Where United States shareholders in an exiting reorganization are required to recognize gain, the character and source of gain are to be determined as though a taxable exchange occurred. Appropriate corresponding adjustments to earnings and profits, basis to shareholders, and other affected attributes to corporate entities are to be made. (14) Increases in the basis of property received by a foreign corporate transferee are allocated over the transferred property proportionately to the gain that is realized as to each item of property attributable to the United States person on transfer. (15)

Though in accordance with this rule a taxpayer is required to recognize gain, there are several benefits gained by a realization and recognition on reorganization. These benefits include such things as a reduction of a transferor’s accumulated earnings and profits and eventual dividend liability. A transferee corporation receives a stepped-up basis which reflects consideration attributable to the recognition of gain, and that in turn provides depreciation and amortization benefits. (16)



1. IRC Section 368 (a) (1) (A), (B), and (C) (1986).
2. IRC Section 368 (a) (1) (E) (1986).
3. IRC Section 355 (1986).
4. IRC Section 351 (1986).
5. With respect to divisive reorganizations Section 355 of the Code can be distinguished from Section 368 by virtue of the fact that Section 355 (a) (2) states that it is not to be applied without regard to whether or not distribution is in pursuance of a plan of reorganization within the meaning of Section 368 (a) (1) (D) . See Section 355 (a) (2) (C) (1986).
6. By way of illustration the following demonstrates this kind of technique: Y corporation has 20,000 outstanding shares of voting common stock and the earnings per share for a particular year are $1.00. If a qualifying recapitalization was implemented to achieve a resulting 10,000 outstanding shares of common stock, plus convertible bonds, the earnings per share would increase two-fold, bring to an acquisitive reorganization a more valued stock.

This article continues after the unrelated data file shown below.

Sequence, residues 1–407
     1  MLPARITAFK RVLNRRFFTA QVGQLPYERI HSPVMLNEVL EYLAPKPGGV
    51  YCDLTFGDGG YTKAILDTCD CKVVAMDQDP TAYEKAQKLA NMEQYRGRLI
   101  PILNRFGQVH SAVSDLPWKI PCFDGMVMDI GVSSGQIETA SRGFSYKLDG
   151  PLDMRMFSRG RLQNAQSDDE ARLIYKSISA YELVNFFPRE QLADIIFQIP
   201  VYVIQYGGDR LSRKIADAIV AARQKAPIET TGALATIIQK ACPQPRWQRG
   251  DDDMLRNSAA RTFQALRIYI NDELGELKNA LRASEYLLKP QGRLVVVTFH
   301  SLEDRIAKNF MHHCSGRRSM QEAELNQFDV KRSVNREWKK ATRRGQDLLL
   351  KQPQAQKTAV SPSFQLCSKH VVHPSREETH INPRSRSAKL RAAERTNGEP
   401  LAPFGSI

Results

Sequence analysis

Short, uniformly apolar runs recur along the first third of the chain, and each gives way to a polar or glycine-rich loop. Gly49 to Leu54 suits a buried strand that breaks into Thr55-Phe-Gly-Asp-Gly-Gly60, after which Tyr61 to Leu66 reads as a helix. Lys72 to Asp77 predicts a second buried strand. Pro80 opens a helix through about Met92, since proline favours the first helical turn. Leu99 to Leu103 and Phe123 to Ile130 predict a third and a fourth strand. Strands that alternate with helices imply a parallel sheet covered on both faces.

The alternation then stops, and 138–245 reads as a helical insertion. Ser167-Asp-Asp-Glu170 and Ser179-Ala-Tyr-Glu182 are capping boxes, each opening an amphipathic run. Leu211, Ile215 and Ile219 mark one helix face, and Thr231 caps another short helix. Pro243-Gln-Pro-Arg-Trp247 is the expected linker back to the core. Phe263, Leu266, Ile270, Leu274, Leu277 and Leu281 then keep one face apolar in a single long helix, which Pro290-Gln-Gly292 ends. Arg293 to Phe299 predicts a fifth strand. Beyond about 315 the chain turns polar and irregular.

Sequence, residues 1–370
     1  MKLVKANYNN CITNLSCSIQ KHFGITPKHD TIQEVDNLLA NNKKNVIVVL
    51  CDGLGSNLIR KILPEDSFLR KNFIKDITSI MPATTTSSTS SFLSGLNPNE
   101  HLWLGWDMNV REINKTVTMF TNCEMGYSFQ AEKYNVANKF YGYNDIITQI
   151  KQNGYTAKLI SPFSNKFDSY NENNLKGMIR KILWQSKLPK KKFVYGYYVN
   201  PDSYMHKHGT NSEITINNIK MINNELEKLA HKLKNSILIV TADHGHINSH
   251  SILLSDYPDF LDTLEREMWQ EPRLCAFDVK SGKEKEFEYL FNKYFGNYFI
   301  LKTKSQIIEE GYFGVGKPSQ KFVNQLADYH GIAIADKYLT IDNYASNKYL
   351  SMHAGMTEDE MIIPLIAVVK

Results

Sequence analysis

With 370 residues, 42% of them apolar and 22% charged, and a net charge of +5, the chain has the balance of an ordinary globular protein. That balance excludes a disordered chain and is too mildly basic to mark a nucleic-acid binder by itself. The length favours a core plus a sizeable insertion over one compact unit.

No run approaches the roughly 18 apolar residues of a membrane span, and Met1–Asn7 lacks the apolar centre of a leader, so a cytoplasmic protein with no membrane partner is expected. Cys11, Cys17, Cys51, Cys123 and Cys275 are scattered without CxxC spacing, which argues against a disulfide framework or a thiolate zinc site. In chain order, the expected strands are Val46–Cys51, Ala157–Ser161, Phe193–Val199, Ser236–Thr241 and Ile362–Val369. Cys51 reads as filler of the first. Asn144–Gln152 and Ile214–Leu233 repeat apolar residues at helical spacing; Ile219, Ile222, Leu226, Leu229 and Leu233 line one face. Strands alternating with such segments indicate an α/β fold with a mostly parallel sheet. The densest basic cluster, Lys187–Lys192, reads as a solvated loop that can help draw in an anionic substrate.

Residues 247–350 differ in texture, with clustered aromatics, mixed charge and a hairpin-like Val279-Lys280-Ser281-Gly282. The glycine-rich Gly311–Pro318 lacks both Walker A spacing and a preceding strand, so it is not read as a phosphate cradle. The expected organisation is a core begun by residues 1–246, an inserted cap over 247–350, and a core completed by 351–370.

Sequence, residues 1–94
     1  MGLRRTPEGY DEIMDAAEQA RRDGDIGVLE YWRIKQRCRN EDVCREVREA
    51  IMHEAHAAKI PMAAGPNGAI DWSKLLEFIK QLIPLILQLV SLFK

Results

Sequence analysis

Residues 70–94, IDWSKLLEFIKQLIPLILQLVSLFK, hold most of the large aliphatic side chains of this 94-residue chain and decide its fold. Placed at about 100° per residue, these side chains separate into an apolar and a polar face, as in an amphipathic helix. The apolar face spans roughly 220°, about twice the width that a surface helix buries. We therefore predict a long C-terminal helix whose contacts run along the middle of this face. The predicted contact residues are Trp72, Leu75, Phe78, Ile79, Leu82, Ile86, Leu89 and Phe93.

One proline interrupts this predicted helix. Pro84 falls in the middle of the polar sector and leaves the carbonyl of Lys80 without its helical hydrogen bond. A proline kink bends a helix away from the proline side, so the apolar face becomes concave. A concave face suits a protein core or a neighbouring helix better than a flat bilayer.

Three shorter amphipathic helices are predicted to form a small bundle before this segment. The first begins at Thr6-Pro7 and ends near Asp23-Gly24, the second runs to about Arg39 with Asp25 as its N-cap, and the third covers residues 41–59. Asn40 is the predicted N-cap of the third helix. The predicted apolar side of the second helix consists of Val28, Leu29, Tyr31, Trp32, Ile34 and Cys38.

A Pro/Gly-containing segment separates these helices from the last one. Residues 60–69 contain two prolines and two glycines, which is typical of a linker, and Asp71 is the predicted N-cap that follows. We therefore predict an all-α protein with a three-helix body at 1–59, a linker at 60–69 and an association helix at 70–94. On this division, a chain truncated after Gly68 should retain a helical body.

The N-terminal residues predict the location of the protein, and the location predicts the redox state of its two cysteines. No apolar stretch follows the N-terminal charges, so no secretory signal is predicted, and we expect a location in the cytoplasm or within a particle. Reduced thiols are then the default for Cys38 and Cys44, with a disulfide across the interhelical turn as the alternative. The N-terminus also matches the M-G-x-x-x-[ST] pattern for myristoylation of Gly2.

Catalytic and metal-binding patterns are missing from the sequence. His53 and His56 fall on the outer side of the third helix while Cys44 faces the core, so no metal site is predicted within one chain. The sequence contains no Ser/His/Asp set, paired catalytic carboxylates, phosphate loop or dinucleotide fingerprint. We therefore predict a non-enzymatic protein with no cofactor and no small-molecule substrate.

7. IRC Section 355 (1986).
8. Treas. Reg. Section 1.367 of the IRC of 1986 and as thereafter amended.
9. Treas. Reg. Section 1.367 of the IRC of 1986 and as thereafter amended.
10. Treas. Reg. Section 1.367 of the IRC of 1986 and as thereafter amended.
11. Treas. Reg. Section 1.367 of the IRC of 1986 and as thereafter amended.
12. Treas. Reg. Section 1.367 of the IRC of 1986 and as thereafter amended.
13. Treas. Reg. Section 1.367 of the IRC of 1986 and as thereafter amended.
14. Treas. Reg. Section 1.367 of the IRC of 1986 and as thereafter amended.
15. Treas. Reg. Section 1.367 of the IRC of 1986 and as thereafter amended.
16. IRC Section 1014 (1986).

In accordance with Circular 230 Disclosure

William Richards is a Sole Practitioner in Orlando, Florida, USA 32626. Attorney at Law, Legal Advisor. 1978 – Present

PUBLICATIONS: International Financial Centers, Adell Financial Series, AD Adell Publishing, Copyright 2012, 378 pages. The Handbook of Offshore Financial Centers, Adell Financial Series, AD Adell Publishing, Copyright 2004, 266 pages; Offshore Financial Centers and Tax Havens, Archives of Tulane Law Library, Tulane Law School, Tulane University, New Orleans, Louisiana, Copyright, 1996, 512 Pages.